Fourteenth Sunday after Pentecost

Sermon for Fourteenth Sunday after Pentecost, Sunday, August 30 2015, 10:30 am
Mtr. Maggie Helwig, Church of Saint Stephen-in-the-Fields, Toronto
Song of Songs 2:8-13; Psalm 45:1-2, 7-10; James 1:17-27; Mark 7:1-8, 14-15, 21-23

One rarely has an opportunity to preach on the Song of Songs—it hardly appears at all in the lectionary, and it is one of those books which the church has sometimes had trouble knowing what to do with. The Bible contains pretty much every possible genre, but the Song of Songs is one of the most unexpected—here, in the middle of collections of improving sayings, in between the early history of Israel and the fierce conviction of the prophets, is a lovely, compelling, image-rich piece of erotic poetry; though the excerpt we heard today, really the only part ever much read in church, is one of the more chaste passages. It is hard to be sure how this even got into scripture, except perhaps through a wise intuition that something so beautiful must somehow have to do with God.

It was not, I think we can be sure, meant to be about God in the first instance. We can’t, though, easily call it secular poetry either. It was probably composed, despite its private and intimate tone, for public ritual performance of some kind, perhaps a wedding, we don’t really know—so it was probably incorporated into the ritual life of the community. And from fairly early on, it came to be read with a double lens. There is no denying that it is about human love, human romantic and erotic love, that it is filled with images of the body of the beloved as ripe fruit and spices, lilies and dripping myrrh, images of human passion and desire. “My beloved is mine and I am my beloved’s … I am faint with love.” But it has also been read, for many centuries now, and without taking away from its nature, as a song about the relationship of the human person with God. And it is right that these two things are never entirely separated in our reading—for they are not entirely separate things.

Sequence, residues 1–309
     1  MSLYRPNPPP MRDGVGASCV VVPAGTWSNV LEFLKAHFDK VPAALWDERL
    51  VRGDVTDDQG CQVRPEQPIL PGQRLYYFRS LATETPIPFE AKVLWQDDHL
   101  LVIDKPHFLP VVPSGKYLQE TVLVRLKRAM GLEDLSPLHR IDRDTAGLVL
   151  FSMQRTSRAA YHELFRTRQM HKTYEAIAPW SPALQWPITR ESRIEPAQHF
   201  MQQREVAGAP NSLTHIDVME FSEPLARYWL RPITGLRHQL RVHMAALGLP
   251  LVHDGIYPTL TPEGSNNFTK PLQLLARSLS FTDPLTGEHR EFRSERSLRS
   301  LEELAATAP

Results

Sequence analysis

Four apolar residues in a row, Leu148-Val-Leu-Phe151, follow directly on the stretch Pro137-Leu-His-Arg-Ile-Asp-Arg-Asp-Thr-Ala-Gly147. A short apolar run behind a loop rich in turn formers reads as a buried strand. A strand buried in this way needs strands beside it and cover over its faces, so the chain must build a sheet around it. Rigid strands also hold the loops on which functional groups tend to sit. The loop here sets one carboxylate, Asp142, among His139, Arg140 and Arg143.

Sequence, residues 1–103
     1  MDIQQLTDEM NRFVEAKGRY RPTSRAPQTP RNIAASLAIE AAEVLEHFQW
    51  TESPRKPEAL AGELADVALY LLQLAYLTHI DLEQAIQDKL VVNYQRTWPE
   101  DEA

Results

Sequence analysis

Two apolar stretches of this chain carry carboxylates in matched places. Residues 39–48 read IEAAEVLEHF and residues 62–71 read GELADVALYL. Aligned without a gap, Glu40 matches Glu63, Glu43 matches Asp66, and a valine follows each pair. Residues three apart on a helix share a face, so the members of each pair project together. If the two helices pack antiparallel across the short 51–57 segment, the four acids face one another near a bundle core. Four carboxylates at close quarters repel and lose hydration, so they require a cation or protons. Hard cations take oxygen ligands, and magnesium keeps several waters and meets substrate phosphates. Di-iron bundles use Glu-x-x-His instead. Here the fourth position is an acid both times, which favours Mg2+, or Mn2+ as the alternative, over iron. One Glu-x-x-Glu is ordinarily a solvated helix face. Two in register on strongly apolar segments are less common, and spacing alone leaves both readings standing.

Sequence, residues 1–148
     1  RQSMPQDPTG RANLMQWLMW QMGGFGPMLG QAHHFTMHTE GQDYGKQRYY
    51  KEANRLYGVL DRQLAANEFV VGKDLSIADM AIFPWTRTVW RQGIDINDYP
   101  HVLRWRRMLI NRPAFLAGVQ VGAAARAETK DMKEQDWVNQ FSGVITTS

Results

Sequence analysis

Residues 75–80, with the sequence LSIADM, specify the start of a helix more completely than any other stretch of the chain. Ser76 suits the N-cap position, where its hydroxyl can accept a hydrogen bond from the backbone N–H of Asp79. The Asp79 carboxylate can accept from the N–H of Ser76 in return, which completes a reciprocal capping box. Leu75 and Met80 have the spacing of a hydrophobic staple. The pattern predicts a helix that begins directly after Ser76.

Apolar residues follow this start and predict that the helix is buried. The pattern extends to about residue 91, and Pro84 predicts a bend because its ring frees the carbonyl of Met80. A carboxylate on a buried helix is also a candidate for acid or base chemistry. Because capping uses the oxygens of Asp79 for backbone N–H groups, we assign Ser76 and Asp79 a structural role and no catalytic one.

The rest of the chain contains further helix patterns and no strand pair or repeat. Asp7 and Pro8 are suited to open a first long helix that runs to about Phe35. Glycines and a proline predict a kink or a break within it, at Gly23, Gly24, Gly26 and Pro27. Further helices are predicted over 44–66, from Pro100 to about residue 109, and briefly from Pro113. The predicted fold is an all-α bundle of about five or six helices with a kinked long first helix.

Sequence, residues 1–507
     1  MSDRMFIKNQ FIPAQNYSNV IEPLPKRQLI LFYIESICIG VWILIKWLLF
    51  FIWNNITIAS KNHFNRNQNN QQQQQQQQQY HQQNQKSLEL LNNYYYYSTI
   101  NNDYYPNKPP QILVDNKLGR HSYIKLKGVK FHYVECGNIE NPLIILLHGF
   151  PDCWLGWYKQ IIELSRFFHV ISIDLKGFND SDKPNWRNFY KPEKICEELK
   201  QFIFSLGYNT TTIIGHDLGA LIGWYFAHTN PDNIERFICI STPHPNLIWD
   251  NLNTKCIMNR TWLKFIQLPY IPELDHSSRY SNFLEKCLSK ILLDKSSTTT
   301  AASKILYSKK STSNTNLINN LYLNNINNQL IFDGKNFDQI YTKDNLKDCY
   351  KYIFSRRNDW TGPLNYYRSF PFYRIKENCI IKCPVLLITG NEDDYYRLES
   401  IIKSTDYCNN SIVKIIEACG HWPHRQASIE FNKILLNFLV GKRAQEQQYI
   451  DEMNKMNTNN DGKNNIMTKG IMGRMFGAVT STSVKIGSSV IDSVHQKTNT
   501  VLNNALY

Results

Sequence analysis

For if God is all love, the source from which love flows, then our human loves, in their flawed and struggling way, are at their best a reflection of God’s very nature, the interflowing life of love that is the Trinity. And our human loves are also our means of learning what it is to love and to be loved, and so learning what God is, what is means to live the life of God. And it is right to use the images of desire and consummation, of passion thwarted and fulfilled, of that aching beauty and longing. It is the language of the mystics, the intimate encounter with God in the darkness, the sweetness, the mutual surrender of self.

The prophets use this language too—and they speak of God as the lover spurned and abandoned, God longing for the return of his wandering beloved. Imagine it, that God is waiting for each one of us as a lover waits, aching, hoping, always loving. “I have written your name on the palm of my hand, you are mine,” says the God of Isaiah, like the lover in the song who says, “Set me as a seal upon your arm, a seal upon your heart, for love is stronger than death.” They echo each other as all our loves, human and divine, sound about each other in our lives, and after our lives in this world end. This is how God loves us. God’s heart is broken in love for each and every one of us, as our hearts are broken here; but God’s love doesn’t cease or fail, persists through all our betrayals and failures, always takes us back.